Tuesday, February 10, 2009

Jay-Z

"In a Drought you can find a man when the well dries up, you learn the worth of water, without worth you thirst till you die"


Shawn Corey Carter was born on December 4th, 1969 weighing in at 10 pounds, 8 ounces. Shawn was born to mother Gloria Carter and father Adnes Reeves who left Shawn and his family when he was 11 years old.
Originally Jay-Z is from 'Marcy Houses' housing project in the Bedford-Stuyvesant neighborhood of Brooklyn. Jay-Z attended Eli Whitney High School in Brooklyn until it was closed down. Shortly after he attended George Westinghouse Information Technology High School in Downtown Brooklyn along with late great rapper The Notorious B.I.G and Busta Rhymes. Jay-Z also attended Trenton Central High School in Trenton, New Jersey but didn't graduate.
According to his music his lack of reaching graduation was due to his choice of selling drugs. His mother Gloria Carter, has mentioned that a young Jay-Z used to wake his siblings up at night banging out drum patterns on the kitchen table. Eventually, she bought him a boom box for his birthday and thus sparked his interest in music. He began freestyling, writing rhymes, and followed the music of many artists popular at the time.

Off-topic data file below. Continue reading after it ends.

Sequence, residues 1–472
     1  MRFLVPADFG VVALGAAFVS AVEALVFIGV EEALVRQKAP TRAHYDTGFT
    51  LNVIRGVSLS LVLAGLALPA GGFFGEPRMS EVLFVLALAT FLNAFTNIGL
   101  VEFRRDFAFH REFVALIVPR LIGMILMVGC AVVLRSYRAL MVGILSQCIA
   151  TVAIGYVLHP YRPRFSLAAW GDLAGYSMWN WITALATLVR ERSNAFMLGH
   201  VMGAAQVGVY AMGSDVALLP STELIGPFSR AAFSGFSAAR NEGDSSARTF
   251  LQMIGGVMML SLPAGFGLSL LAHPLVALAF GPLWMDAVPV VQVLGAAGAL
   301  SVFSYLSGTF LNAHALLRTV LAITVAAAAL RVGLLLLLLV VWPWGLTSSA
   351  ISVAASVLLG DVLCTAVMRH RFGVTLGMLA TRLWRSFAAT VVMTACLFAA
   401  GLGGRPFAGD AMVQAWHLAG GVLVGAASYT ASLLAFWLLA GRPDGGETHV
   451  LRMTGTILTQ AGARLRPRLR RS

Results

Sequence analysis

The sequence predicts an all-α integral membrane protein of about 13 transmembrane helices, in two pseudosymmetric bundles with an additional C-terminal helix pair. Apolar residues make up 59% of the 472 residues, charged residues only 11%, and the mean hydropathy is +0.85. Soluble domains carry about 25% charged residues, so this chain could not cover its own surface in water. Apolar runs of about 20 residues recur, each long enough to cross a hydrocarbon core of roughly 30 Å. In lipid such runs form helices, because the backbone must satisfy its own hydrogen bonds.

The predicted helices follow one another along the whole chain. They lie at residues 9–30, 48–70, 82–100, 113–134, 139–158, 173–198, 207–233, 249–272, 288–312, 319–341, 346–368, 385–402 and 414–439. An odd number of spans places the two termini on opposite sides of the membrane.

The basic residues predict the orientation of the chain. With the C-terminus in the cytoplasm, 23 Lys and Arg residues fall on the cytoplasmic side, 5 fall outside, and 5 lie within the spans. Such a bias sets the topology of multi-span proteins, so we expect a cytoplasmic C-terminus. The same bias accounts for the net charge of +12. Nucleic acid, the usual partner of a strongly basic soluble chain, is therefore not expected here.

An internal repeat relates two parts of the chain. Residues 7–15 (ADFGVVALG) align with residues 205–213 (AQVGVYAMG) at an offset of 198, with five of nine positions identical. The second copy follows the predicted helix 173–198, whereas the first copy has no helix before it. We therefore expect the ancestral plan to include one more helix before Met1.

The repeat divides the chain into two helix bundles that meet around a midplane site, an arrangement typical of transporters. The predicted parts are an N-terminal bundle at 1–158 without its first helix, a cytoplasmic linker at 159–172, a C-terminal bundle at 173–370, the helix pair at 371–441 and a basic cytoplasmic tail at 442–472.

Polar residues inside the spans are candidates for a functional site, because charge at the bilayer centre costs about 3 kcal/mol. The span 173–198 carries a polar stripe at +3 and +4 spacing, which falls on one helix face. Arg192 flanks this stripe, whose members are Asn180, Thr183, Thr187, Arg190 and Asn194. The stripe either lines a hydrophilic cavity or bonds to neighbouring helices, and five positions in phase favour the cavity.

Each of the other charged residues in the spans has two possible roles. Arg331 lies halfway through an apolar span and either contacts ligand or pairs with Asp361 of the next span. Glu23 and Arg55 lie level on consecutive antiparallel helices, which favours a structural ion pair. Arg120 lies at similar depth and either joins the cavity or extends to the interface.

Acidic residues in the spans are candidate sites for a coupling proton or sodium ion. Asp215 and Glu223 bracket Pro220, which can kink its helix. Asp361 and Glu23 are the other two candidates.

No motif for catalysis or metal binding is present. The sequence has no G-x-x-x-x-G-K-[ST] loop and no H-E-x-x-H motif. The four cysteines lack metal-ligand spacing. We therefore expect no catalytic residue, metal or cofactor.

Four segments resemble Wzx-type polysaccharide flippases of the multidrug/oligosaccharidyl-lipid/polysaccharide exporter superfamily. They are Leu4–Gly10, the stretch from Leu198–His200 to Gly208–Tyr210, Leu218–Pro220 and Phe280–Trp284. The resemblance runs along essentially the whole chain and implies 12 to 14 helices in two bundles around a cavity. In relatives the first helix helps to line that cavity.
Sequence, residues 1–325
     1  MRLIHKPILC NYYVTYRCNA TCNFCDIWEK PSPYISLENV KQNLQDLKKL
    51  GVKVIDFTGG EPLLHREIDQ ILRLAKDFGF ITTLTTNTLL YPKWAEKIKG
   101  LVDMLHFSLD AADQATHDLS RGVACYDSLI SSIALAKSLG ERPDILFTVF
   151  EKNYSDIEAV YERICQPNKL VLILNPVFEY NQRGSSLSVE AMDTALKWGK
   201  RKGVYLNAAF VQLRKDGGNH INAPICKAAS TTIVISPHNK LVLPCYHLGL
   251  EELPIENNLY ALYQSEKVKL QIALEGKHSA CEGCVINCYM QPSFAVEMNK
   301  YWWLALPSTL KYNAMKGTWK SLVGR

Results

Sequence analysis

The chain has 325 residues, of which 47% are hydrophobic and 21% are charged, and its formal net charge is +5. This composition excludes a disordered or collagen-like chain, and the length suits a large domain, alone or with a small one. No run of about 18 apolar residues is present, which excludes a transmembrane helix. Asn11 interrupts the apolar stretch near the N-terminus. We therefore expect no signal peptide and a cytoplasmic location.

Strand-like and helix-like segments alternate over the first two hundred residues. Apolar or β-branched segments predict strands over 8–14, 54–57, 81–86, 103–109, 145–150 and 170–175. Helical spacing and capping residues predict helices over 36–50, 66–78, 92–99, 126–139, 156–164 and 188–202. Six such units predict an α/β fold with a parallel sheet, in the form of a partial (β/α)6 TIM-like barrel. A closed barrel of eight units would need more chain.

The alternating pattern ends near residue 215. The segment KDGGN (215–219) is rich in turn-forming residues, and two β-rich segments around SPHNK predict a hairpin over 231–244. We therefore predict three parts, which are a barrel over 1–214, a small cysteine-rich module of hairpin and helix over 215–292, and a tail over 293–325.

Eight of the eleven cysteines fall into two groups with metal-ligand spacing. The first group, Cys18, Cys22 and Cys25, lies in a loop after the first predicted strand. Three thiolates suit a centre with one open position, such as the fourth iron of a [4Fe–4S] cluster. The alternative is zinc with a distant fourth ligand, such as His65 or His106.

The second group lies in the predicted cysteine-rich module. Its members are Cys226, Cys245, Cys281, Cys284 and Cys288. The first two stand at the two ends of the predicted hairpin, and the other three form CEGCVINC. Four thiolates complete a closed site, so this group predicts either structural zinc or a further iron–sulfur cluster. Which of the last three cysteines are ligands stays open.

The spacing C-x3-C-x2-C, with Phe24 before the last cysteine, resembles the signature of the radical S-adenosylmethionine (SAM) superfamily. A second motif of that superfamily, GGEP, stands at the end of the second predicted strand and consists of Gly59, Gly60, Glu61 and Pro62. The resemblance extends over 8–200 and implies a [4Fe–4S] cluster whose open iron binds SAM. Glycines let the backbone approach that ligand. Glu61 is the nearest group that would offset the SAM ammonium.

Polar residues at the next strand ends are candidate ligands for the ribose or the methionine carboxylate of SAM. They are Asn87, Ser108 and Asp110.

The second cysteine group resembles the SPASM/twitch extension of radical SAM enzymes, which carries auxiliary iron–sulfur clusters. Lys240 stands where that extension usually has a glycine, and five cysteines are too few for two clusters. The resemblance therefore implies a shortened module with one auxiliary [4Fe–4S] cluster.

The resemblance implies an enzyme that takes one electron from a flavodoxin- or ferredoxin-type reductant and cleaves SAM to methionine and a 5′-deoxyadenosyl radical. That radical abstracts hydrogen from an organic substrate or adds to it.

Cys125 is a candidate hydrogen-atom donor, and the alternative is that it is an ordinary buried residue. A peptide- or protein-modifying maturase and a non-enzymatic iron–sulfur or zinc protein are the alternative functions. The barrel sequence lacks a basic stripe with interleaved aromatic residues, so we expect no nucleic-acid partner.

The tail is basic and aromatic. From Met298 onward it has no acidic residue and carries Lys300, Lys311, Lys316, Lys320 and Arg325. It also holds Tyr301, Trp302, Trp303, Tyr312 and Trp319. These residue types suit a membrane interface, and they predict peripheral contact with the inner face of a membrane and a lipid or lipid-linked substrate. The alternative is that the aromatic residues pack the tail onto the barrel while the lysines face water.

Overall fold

In his neighborhood, Carter was known as "Jazzy", a nickname that eventually developed into his stage name, "Jay-Z". The name Jay-Z is also a homage to his musical mentor, Jaz-O, as well as to the J/Z subway lines that have a stop at Marcy Avenue in Brooklyn. Jay-Z can be heard on several of Jaz-O's early recordings in the late 1980s and early 1990s, including "The Originators" and "Hawaiian Sophie". His career had a jump start when he battled a rapper by the name of Zai. The battle caught the eye of many record labels, as Jay-Z was able to hold his own against Zai. He first became known to a wide audience by being featured on the posse cut "Show and Prove" on the 1994 Big Daddy Kane album 'Daddy's Home' He also made an appearance on a popular song by late Harlem rapper Big L, "Da Graveyard", and on Mic Geronimo's "Time to Build", which also featured early appearances by fellow rappers DMX, Q-Man, Ja-Rule and Shazim Hasan in 1995. His first official rap single was called "I Can't Get With That", for which he also released a music video.